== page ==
By Joe Haberzetle, JD, LLM
Many Washington not-for-profits benefit substantially from the various property tax exemptions provided in state law. Private schools, churches, hospitals, museums and performing arts centers are among the organizations that can be granted exemptions from property taxes on the land and buildings they use, as well as on their personal property such as equipment, furniture, fixtures and exhibits. However, a relatively obscure provision in these laws can lead to harsh results when exempt property is sold or converted to a non-exempt use.
Generally, when exempt property ceases being used for an exempt purpose (or is sold, loaned or rented on an ongoing basis to a non-exempt user), the exemption is lost for future periods. Under the “claw-back” provision, however, the formerly exempt owner/user is also required to pay the property tax that would have been due on the property during the three years immediately preceding the loss of the exemption, as well as interest calculated from the date that such taxes would have originally been due.
To understand the potential impact of this provision, consider a not-for-profit museum that occupies a facility with a fair market value of $2 million. If the museum sells its facility and triggers the claw-back provision, it would likely be faced with a property tax bill of around $75,000! Furthermore, since claw-back is triggered by the change in use (rather than by the sale itself), the property tax bill may be due well before the organization receives the proceeds from the sale of the property, even if the pending sale is what is ultimately causing the recapture.
Fortunately, there are several important exclusions from the claw-back, including the following:
- Any property that has been exempt from property tax for over ten consecutive years prior to the sale or change in use.
- Changes of use affecting only part of an exempt property, if they result in less than 51% of the area of the property losing its exempt status.
- Transfers to another not-for-profit organization or entity that is subsequently granted a property tax exemption on the same property.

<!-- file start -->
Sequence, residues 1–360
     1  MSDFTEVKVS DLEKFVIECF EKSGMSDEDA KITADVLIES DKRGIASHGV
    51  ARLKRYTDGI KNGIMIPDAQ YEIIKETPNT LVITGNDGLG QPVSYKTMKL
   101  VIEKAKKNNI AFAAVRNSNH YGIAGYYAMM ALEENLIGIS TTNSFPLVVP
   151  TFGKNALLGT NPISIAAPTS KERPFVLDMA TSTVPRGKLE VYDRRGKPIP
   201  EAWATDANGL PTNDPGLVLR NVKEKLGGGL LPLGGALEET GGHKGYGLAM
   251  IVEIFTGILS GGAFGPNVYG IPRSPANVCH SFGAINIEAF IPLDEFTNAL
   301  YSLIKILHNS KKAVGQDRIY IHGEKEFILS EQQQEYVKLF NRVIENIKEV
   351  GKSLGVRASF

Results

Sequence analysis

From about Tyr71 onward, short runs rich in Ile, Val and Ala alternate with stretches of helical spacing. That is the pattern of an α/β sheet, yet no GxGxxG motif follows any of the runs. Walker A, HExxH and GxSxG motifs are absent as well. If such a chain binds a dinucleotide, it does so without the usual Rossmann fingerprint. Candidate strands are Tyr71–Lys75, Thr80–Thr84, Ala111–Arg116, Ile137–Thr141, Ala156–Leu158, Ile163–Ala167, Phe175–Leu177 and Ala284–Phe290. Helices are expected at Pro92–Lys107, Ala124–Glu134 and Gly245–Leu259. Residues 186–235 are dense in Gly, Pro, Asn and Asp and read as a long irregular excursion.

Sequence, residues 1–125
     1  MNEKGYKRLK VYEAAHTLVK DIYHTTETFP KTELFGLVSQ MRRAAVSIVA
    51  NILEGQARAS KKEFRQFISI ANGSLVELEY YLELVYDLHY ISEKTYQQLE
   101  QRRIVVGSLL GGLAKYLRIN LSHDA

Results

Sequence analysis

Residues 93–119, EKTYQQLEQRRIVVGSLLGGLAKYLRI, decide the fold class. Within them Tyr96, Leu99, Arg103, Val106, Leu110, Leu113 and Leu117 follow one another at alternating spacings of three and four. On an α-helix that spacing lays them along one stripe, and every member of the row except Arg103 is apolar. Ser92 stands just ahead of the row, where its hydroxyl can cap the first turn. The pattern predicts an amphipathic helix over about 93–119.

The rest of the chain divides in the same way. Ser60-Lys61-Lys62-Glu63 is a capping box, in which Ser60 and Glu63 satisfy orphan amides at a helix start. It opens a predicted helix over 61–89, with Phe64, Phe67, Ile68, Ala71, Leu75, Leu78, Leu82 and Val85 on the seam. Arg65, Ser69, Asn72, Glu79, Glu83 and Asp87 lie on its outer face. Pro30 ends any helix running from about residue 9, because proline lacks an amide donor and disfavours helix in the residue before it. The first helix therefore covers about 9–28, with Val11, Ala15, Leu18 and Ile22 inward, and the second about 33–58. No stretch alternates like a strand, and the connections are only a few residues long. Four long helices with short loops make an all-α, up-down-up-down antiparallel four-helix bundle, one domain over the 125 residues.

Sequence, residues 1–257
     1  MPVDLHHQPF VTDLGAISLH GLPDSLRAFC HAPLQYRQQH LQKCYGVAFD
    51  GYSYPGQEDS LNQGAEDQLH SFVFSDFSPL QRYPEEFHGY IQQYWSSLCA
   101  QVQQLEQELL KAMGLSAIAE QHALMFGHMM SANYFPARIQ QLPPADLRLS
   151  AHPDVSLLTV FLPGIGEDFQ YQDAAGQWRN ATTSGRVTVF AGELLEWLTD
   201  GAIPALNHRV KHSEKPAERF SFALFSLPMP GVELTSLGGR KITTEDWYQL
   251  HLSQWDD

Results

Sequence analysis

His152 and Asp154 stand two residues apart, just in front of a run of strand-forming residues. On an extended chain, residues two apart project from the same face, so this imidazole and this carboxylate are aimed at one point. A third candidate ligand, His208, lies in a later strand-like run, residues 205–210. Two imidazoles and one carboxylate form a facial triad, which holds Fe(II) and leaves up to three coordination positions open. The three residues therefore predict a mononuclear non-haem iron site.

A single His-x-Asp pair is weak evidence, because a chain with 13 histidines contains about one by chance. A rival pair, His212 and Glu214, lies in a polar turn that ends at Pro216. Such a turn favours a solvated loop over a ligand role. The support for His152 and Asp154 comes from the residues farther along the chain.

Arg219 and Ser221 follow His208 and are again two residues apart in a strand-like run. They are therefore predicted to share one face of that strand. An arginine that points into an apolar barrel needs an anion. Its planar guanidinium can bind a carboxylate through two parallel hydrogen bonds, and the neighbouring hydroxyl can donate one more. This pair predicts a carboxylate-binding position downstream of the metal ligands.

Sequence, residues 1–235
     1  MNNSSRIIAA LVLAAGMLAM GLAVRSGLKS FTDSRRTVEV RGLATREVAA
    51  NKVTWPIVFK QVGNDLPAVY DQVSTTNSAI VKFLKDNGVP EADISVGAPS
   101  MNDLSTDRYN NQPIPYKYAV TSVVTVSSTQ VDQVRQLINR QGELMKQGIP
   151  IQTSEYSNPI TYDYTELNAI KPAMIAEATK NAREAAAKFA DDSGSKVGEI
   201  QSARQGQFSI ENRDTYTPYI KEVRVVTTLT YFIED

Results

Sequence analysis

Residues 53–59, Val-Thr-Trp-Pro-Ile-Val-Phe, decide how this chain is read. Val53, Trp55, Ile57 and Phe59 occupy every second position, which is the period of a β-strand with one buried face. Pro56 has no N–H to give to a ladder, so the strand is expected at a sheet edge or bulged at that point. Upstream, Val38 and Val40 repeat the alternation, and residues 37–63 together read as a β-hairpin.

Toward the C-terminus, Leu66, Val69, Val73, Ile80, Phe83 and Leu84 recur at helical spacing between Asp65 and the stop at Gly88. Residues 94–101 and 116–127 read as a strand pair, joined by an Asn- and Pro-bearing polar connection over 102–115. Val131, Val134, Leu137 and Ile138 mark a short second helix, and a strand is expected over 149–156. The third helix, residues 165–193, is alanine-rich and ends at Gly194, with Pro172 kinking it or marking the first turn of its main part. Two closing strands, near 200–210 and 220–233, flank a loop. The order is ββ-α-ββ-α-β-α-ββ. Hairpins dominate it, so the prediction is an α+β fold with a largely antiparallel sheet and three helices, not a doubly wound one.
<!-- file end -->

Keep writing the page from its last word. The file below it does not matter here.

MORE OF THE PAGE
- Property transferred to an agency of state government or to the city or county in which the property is located, and any other transfers achieved through the exercise of the power of eminent domain (or effectuated in anticipation of such exercise).
- Changes in use resulting from an official action of state or local government disallowing the present use of the property.
- Changes in use resulting from a natural disaster such as a flood, windstorm or earthquake.
- Relocation of the exempt activity to another location or site.
- Cancellation of a lease on leased property, where the exemption had been granted to the lessee.
If a property was exempt for less than three previous years, the claw-back is limited to the actual period for which the exemption was in effect. In addition, periodic, limited use of church property by outside organizations and individuals will not cause the loss of the exemption, as long as such use remains below certain statutorily defined thresholds.
The law imposes a duty on owners of exempt property who have knowledge of a change in the exempt use to notify the Washington Department of Revenue of such change. If the Department determines that the claw-back provision applies, it informs the county treasurer where the property is located, and the treasurer then calculates and collects the back taxes and interest due.
Given the potentially draconian impact of the claw-back provision, owners of exempt properties are encouraged to contact a tax advisor and consider the potential tax impacts carefully prior to selling their property or allowing any use of the property that falls outside of the exempt purpose for which the exemption was originally granted.
© Clark Nuber PS, 2014. All Rights Reserved